CIVILIANS ON POLICE BOARDS: The Sun’s Erin Cox is reporting that civilians could get seats on police disciplinary boards in every jurisdiction in the state under changes to an omnibus police accountability bill approved by a Senate committee late Wednesday. Involving citizens in the discipline of rogue cops has been a centerpiece of advocates’ push for policing reforms in the wake of unrest in Baltimore City last year.
CAPITAL BUDGET: The House of Delegates on Wednesday approved the state’s capital budget, which pays for nearly $1 billion in construction projects. It includes millions for projects at Morgan State University, Coppin State University and others that were initially delayed by a proposal to build a new prison in Baltimore City, writes Pamela Wood for the Sun.
- A committee of House and Senate lawmakers worked out differences in a capital budget bill that supports $16 million in bond and grant funding for a downtown Frederick hotel and conference center, Danielle Gaines of the Frederick News Post writes.
LINKING UNIVERSITIES: The University of Maryland, College Park and the University of Maryland, Baltimore would be more closely linked under a bill approved Wednesday by the House of Delegates.The bill falls short of merging the institutions, reports Pamela Wood in the Sun.
- Daniel Leaderman writes in the Daily Record that the bill now has the blessing of the University System of Maryland, which said in a statement Wednesday afternoon that the revised bill would build on an existing partnership while also benefiting the system’s other institutions.
DEBTOR PROTECTIONS: The Senate on Wednesday gave preliminary approval to legislation requiring third-party debt buyers to have full documentation that they are entitled to collect money owed, including papers stating the amount and source of the debt as well as proof that the debtor is in fact in arrears, Steve Lash of the Daily Record writes.
MANUFACTURING BILL SIDELINED: The Senate Budget and Taxation Committee this week sidelined proposals designed to boost the state’s manufacturing industry with tax breaks, agreeing to do so without an actual vote. Instead, members of the panel said they would not have enough time to work through concerns about the nearly identical bills before the end of the legislative session, which comes in less than two weeks, writes Josh Hicks for the Post.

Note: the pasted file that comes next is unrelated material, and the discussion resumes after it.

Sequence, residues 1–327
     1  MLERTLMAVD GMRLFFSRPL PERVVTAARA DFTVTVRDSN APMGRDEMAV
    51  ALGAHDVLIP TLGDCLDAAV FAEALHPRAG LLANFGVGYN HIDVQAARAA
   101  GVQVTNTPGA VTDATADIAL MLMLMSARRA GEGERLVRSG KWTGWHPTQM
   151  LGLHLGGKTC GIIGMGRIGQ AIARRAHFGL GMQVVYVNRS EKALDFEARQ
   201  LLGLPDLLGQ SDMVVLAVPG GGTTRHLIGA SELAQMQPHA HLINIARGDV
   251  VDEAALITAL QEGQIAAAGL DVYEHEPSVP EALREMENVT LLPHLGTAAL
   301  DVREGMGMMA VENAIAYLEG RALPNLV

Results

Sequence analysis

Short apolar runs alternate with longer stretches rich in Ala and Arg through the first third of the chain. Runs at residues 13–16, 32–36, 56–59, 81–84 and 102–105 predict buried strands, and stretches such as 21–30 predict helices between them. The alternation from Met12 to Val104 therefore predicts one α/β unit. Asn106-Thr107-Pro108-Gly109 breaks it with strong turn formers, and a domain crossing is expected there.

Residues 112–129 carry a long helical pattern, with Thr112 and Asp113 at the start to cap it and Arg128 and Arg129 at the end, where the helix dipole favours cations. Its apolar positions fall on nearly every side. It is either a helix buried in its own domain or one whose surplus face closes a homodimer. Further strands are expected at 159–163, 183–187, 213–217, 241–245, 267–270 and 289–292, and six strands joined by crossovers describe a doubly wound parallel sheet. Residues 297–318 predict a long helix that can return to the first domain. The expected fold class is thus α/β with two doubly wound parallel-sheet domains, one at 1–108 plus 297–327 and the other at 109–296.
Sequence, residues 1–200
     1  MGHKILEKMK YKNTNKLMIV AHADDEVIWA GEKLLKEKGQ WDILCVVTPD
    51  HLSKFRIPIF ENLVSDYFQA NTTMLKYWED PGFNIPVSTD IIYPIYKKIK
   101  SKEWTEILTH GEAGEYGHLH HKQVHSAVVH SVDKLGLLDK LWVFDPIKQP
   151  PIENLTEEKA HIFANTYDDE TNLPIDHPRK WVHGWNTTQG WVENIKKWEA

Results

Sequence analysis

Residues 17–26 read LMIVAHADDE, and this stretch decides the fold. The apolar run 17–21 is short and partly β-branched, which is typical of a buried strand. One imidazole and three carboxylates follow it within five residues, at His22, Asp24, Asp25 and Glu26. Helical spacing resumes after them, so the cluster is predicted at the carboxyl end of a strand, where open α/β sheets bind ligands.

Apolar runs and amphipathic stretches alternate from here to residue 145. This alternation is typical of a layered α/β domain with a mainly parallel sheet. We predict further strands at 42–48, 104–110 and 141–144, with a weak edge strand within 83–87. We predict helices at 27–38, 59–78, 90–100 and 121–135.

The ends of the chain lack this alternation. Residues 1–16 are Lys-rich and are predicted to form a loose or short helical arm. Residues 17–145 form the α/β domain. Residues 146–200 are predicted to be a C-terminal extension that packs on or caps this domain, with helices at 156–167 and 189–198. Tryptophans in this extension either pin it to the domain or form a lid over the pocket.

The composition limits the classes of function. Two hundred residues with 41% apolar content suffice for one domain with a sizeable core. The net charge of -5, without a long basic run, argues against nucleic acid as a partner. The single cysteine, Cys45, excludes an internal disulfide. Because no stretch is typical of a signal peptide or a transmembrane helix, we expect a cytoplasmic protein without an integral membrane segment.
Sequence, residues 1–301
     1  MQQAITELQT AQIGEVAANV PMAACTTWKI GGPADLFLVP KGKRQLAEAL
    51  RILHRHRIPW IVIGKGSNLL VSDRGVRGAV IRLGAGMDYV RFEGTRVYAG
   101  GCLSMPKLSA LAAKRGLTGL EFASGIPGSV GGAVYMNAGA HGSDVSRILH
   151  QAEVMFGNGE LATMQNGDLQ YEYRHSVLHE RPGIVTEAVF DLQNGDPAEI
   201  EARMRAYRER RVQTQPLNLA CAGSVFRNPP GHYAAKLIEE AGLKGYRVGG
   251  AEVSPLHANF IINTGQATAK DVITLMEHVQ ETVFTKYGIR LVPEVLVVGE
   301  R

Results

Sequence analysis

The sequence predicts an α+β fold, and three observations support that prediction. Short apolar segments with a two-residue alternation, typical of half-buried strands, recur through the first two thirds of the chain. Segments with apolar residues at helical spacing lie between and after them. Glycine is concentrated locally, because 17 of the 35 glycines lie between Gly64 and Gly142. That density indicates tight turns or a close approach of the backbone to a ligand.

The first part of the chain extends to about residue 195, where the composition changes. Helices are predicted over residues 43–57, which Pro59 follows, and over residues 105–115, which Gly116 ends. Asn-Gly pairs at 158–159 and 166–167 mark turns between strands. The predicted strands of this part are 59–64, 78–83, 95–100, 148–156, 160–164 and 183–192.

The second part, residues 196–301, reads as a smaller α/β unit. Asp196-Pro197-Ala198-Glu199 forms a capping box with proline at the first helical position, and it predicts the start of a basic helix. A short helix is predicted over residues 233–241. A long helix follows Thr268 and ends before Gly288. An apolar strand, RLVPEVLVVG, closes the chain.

HOGAN SKIRTS CONTROVERSIES: The editorial board of the Sun congratulates Gov. Larry Hogan for staying out of two controversial issues that would likely harm him and not help either situation should he get involved: the Republican National Convention and the appointments of members of the Baltimore City Liquor Board.
- And in an op-ed for the Sun, conservative opinionator Richard Cross also says that Hogan staying away from the convention would be a smart move, and not unprecedented despite his position as the titular head of the Maryland GOP.
PICK HOGAN: Todd Eberley of St. Mary’s College, in a column for MarylandReporter.com, urges delegates to the Republican presidential nominating convention to pick someone other than Ted Cruz or Donald Trump. But who? Among his short list are three governors: Larry Hogan, Gov. Charlie Baker of Massachusetts and Gov. Susana Martinez of New Mexico.
ON VOTING CHANGES: The state will be using paper ballots that will be scanned when they vote across Maryland either as an early voter from April 14- to 21, or as a voter on Primary Election Day, April 26. Linda Lamone, state administrator of the Board of Elections, talks with Tom Hall of WYPR-FM.
SUPER PAC AIDES MATTHEWS: Women Vote!, a Super PAC affiliated with EMILY’s List, late last week began spending money in the 8th Congressional District to boost the candidacy of former Marriott International executive Kathleen Matthews in the Democratic primary to succeed Rep. Chris Van Hollen, Louis Peck reports for Bethesda Beat.
JUDGE RULES AGAINST LEOPOLD: A Circuit Court judge has ruled against former Anne Arundel County Executive John Leopold in a civil case related to the dossiers he requested on political rivals. In a decision released Wednesday afternoon, the judge found there was “clear and convincing evidence” that Leopold “willfully and knowingly” violated a provision of the Maryland Public Information Act that guards against improper government collection of personal records.